Johnson Cook

Atlanta tech investor. Entrepreneur.

Johnson Cook - Atlanta tech investor. Entrepreneur.

Freedom through Acceptance… A Daring Post!

 

(Deep breath). I’m about to say something you won’t hear very often. I certainly don’t hear it very often, but I can say it with confidence:   I have the coolest mother-in-law on the block.

Yep, no doubt that’s not something you hear every day, huh!? It’s pretty cool to be able to say that. Now that I’ve just added a few more brownie points with her, let’s see how many I lose as I try to explain this.

You see my mother-in-law is a very, ahem, intense individual. She is the smartest person on the planet for one, and she has the ability to focus and give more energy to a task than anyone I know (although her offspring, my wife and her sisters both are moving in the right direction).  Once she sets her mind on accomplishing something or figuring something out, she is ALL IN.

The output is the most dedicated volunteer any organization has ever seen. The most energetic party host. The most engaged “Mimi” when it comes to fun for the grandkids, and a heck of a scrabble player. Oh yeah, did I mention she runs more miles every week than many “serious” 21 year old runners I know?  Oh yeah, and did I mention she is an FAA Instrument Rated Pilot with ratings for high-performance aircraft and a nice little logbook of flying airplanes around?!  She was the motivator for me to learn to fly. When Margaret and I were still dating, she suggested that I go take a lesson over Christmas holiday from school. When I asked her if she was kidding, she said “Johnson, there are two things we don’t joke about in this family: flying and spearfishing.”  She then literally drove my butt to the airport and plopped me down with Irv Nesmith for my first flying lesson. Obviously, I never looked back and can thank her for that motivation.

So I hope I’ve painted an accurate picture of her and added a few more brownie points.   Now it’s time to blow them.     (deep breath)…

You see, there are the occasions where this intensity and focus on a task can be focused in a direction or on a task, that.. well, let’s say, is a different direction than where others might go… or on a different task than others might choose to focus.  I will give myself some chance of surviving this post and leave out examples.  BUT HERE’s THE POINT (finally!)… one time I was having an “open and direct” opinion sharing session (we’ll call it that) with her about how I felt about the task she was currently focused on.   Her response is the lesson learned here. She said:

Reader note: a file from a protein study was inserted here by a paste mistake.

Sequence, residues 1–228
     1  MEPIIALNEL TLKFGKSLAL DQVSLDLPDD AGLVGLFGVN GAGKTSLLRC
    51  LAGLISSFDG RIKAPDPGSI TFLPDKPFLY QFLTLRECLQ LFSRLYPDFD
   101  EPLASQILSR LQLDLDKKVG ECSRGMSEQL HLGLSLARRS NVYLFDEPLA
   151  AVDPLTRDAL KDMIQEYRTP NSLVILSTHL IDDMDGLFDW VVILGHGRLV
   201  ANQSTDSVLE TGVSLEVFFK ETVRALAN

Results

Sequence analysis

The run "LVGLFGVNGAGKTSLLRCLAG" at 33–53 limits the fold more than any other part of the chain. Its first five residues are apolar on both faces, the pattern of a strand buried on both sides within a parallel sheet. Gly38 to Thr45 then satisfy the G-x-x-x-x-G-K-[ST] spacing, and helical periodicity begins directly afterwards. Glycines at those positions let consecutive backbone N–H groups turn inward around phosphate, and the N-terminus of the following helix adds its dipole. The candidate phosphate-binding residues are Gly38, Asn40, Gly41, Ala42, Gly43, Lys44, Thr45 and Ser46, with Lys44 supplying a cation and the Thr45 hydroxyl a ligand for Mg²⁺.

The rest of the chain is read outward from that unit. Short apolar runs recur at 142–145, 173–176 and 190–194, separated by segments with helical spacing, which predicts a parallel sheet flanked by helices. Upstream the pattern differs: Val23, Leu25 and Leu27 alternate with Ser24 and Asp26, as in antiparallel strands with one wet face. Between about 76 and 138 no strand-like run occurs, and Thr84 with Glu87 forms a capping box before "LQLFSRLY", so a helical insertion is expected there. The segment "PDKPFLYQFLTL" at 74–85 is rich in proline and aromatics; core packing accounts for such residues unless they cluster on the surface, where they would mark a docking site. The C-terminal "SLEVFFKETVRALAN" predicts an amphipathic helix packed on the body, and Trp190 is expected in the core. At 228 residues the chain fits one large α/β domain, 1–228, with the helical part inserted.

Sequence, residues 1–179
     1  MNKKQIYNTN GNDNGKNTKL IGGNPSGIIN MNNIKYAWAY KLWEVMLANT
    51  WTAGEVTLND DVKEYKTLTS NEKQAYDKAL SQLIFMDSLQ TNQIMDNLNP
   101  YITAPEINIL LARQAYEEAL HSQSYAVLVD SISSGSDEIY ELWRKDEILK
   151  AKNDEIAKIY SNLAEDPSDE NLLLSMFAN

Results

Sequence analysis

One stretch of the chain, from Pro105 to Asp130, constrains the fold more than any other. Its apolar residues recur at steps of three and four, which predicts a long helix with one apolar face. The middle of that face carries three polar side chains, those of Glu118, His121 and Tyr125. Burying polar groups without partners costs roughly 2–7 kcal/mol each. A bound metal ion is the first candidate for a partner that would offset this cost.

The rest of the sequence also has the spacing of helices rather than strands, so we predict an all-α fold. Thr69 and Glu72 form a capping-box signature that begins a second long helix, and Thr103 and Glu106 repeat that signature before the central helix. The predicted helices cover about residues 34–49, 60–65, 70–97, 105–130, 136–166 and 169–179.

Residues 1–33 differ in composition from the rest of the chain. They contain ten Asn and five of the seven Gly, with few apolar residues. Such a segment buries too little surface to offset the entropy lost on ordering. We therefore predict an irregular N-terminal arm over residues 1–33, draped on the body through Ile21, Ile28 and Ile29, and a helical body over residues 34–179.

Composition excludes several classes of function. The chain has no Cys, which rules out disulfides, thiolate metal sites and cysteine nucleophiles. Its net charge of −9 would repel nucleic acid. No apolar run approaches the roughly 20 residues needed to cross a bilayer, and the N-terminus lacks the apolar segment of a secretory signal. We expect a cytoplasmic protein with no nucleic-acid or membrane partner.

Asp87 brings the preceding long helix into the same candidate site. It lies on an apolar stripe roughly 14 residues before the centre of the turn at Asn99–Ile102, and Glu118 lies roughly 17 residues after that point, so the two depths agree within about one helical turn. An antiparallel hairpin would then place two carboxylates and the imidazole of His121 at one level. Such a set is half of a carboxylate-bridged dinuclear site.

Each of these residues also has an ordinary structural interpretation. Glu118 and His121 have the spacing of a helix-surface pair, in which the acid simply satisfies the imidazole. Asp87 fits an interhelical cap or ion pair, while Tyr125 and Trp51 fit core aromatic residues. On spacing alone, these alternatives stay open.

Johnson, you don’t get the good parts of me without the rest of me. So just keep that in mind when you get frustrated with me.

What a powerful statement! She was right! You don’t get exceptional awesomeness from anything without some downsides to serious intensity. You don’t get a driven, successful entreprenuer without some personality quirks. You can’t raise a kid who will push himself, his boundaries, and his abilities without dealing with him pushing his behavior boundaries, and teacher patience at school.  As I’ve learned to take this wisdom into my daily living, it helps me keep the long game, the big picture, in mind. When a personality trait or quirky relationship issue bothers me, I simply slow down and ask myself is it worth the down side to get the good side?  It almost always is.

Now, if you ever meet another blogger brave enough to write about his mother-in-law, I’d like to meet the crazy SOB. :-)

 

Category: Association
  • Noel Coleman says:

    OK, now I’m gonna say something that makes me not want to meet your mother-in-law for fear of having my eyes scratched out. But here we go…

    That sounds like a really good cop-out. Yes, I agree that with the ferocious intensity that comes from strong people you get some less than happy moments. And that great people usually have glaring flaws. None of which means they aren’t great people or that they don’t accomplish great things. But it also doesn’t mean they get a pass at improving. If you have parts of you that you know are bad you should work on them. Not pass it off by saying you can’t have part of me. That sounds a whole lot like a situation I had in college. Starving hungry I came to the fridge dreaming of that amazing dinner I’d had a few nights ago. (It was only a few nights ago, right?) Opening my left-overs container my dreams were interrupted by the site of white mold covering the top layer of the dish. Undeterred, I thought to myself, “Hey, it’s really only on top. Mold doesn’t grow deep roots. I’ll just scrape the moldy part off the top and heat it up. That should still be o.k., right?”

    August 6, 2012 at 8:18 pm

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